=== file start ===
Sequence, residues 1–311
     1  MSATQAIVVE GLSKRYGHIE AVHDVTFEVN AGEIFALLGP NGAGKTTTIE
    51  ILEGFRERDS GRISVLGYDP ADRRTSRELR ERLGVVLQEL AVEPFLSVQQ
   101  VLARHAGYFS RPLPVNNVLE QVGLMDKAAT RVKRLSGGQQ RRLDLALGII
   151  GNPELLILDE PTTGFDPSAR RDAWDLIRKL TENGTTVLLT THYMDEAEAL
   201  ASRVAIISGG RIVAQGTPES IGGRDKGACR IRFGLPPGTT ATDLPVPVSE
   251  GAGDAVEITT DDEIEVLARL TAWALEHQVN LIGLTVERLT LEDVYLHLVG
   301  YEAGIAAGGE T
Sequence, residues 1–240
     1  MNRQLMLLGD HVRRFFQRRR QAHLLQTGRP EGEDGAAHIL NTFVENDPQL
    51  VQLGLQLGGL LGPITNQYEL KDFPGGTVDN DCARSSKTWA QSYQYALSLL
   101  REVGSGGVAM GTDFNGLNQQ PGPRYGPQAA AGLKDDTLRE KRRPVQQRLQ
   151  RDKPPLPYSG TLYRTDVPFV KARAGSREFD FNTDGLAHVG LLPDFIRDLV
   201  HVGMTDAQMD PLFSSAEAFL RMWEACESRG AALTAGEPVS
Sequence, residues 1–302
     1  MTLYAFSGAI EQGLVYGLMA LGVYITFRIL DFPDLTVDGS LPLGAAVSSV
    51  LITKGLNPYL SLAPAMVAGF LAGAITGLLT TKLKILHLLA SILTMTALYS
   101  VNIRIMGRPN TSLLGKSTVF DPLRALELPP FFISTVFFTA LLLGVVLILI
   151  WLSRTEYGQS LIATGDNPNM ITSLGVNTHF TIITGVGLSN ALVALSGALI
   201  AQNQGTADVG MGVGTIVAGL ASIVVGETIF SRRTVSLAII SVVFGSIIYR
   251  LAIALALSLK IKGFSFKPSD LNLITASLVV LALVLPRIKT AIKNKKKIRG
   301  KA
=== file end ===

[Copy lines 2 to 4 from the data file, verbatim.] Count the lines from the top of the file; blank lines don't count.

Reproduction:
     1  MSATQAIVVE GLSKRYGHIE AVHDVTFEVN AGEIFALLGP NGAGKTTTIE
    51  ILEGFRERDS GRISVLGYDP ADRRTSRELR ERLGVVLQEL AVEPFLSVQQ
   101  VLARHAGYFS RPLPVNNVLE QVGLMDKAAT RVKRLSGGQQ RRLDLALGII